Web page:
Mugisha: I fear. I fear for what will happen to me from the community, from people around me, from my friends. But my biggest fear is not coming from the government because, as an activist, I have a little bit of protection. My biggest fear is from the everyday people on the street. From my neighbors. Because I don't have any security, I could be attacked and killed like my friend [David Kato] was.
Root: What is life like every day for gays, lesbians and other sexual minorities in Uganda?
Mugisha: There are different categories. If you are an activist, then you have to calculate and decide, "Should I take that street, should I go to that shopping mall, should I do this today, even?" Because you don't know where the harassment will come from.
Then you have an openly gay man who's not an activist — the fear is as he's doing his everyday work. He has to ask, is he going to be harassed, is he going to be beaten, is he going to be a target?
Then you have people who are not out, but they are gay. Their fear is the media. Their family finding out about them, the media finding out about them. Their workplaces finding out about them. They fear that they could be fired, that they could be thrown out of their homes.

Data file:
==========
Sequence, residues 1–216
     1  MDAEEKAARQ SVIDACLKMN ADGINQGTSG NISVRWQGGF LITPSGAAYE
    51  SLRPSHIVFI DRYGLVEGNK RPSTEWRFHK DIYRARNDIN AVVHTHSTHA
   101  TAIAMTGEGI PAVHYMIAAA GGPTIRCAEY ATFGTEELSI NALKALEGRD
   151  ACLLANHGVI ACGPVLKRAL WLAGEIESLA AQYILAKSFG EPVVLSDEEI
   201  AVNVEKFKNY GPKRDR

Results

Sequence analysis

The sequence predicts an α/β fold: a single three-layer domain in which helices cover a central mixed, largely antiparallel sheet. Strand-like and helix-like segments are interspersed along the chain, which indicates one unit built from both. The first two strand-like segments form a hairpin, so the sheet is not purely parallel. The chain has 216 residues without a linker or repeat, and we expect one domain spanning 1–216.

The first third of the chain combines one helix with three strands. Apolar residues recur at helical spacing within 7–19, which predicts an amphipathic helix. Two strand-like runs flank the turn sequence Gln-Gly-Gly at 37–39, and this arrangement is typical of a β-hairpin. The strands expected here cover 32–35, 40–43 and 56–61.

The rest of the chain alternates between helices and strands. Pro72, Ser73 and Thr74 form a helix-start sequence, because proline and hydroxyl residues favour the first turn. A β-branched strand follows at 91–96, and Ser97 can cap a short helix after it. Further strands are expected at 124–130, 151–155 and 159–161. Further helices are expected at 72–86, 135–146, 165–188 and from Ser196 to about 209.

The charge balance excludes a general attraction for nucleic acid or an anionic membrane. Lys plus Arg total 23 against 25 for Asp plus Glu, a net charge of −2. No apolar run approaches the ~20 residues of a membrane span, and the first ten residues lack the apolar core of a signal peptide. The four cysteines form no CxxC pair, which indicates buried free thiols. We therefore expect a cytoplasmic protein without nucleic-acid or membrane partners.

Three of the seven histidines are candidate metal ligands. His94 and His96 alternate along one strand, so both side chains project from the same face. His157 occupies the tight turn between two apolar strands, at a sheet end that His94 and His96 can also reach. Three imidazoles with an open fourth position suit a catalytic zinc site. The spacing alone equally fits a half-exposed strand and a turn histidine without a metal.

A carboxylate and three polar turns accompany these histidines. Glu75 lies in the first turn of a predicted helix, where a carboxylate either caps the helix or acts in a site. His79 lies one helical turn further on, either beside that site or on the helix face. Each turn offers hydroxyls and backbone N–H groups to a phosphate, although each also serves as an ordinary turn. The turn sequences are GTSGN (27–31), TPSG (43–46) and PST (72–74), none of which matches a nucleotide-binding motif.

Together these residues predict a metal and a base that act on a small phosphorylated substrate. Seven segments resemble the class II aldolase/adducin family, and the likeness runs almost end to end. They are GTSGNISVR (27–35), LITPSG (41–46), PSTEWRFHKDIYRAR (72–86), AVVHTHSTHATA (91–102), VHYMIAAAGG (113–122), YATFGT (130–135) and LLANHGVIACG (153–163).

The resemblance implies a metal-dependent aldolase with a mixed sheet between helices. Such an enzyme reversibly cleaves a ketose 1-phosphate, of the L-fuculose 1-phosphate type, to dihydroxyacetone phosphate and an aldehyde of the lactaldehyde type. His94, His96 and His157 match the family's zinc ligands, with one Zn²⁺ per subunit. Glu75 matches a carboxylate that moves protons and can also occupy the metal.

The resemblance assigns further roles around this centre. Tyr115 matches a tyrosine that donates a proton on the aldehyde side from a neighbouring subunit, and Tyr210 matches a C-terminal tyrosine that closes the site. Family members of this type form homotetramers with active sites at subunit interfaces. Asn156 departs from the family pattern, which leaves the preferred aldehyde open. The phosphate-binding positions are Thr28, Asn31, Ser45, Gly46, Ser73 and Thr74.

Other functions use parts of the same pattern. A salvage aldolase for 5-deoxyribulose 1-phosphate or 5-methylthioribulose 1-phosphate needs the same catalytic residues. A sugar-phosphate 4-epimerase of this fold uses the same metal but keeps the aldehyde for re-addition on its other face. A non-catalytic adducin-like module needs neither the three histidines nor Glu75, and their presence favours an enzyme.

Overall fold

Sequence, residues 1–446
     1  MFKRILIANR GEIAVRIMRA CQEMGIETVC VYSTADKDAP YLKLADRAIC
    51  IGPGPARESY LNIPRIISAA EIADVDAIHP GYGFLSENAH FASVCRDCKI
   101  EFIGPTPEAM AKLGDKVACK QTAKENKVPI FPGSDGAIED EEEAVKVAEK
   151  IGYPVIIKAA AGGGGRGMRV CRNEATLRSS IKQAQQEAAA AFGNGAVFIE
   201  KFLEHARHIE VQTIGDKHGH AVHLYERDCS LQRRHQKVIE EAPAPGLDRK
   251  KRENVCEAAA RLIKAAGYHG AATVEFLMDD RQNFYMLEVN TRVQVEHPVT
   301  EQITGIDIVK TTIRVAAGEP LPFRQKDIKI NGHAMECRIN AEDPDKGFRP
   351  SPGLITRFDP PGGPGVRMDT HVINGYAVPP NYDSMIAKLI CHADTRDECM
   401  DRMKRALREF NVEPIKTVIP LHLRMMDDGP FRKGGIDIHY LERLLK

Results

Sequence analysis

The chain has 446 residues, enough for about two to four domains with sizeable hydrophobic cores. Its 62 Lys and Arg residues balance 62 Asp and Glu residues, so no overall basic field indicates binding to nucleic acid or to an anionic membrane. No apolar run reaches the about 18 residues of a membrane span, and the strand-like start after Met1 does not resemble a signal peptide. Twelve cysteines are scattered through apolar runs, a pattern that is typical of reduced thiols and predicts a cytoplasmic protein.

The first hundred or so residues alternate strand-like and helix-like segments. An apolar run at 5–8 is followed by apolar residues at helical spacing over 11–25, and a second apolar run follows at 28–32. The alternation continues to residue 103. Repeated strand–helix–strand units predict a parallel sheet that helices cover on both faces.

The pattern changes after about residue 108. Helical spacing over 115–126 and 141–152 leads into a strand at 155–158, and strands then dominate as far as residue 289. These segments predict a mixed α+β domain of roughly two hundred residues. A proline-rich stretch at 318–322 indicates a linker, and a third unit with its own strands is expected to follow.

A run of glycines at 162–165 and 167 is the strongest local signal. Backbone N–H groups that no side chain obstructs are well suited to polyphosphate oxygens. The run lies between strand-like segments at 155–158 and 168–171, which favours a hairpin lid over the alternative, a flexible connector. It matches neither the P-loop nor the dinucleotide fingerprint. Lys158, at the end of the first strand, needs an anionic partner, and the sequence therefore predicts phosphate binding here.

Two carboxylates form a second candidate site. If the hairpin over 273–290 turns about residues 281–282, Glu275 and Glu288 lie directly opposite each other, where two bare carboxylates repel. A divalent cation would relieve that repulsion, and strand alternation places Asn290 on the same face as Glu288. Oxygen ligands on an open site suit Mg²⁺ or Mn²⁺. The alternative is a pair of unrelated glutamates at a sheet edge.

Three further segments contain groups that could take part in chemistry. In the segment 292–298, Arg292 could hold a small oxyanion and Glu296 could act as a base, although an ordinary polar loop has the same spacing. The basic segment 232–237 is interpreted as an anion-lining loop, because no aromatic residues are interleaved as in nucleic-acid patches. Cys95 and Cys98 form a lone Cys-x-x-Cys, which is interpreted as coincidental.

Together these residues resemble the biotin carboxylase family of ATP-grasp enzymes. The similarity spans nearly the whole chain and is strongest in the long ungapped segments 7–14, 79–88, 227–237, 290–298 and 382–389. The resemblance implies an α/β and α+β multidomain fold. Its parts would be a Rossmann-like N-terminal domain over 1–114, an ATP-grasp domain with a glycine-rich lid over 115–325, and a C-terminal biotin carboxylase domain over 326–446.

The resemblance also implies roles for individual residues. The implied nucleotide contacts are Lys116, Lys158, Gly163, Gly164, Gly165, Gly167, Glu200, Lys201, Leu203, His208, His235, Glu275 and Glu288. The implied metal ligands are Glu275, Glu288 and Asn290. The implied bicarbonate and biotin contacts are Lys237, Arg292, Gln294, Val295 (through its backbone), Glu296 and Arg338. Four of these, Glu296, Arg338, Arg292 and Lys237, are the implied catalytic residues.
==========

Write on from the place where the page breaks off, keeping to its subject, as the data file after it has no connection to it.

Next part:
Root: You have discussed the way the media fuel homophobia by outing people. What else is driving homophobia in Uganda?
Mugisha: Culture. People think homosexuality is not African, that [it] is from somewhere else, from the West. People believe the Bible has been very clear that homosexuality is a sin, and a big percentage of Uganda — 80 percent — is Christian, so that has also greatly increased homophobia.
Despite the efforts of Mugisha and SMUG, it appears that homophobia is rising in the nation. Just last week, Simon Lokodo, the Minister of Ethics and Integrity, announced he would ban 38 non-governmental gay-rights groups that it accused of promoting homosexuality.
Lokodo has been accused by gay activists of orchestrating a hate campaign against gays, including "breaking up gay conferences and threatening to expel civil society groups he says promote homosexuality in the conservative East African country," writes the Associated Press. He is being sued by activists who say he violated the right of Ugandans to assemble when he had police break up a gay meeting in February.
You can help Frank Mugisha and SMUG battle discrimination by showing your solidarity with LGBTI people around the world by contacting your local lawmakers and clergy and urging them to stand up against acts of violence against LGBTI people. Use your voice to denouce the proposed Anti-Homosexuality Bill and spread the message that the bill threatens the rights of all Ugandans. Let the government of Uganda and other nations that discriminate against gays and lesbians know that their actions will no longer be tolerated.
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(Photo: Courtesy Rafto Foundation for Human Rights)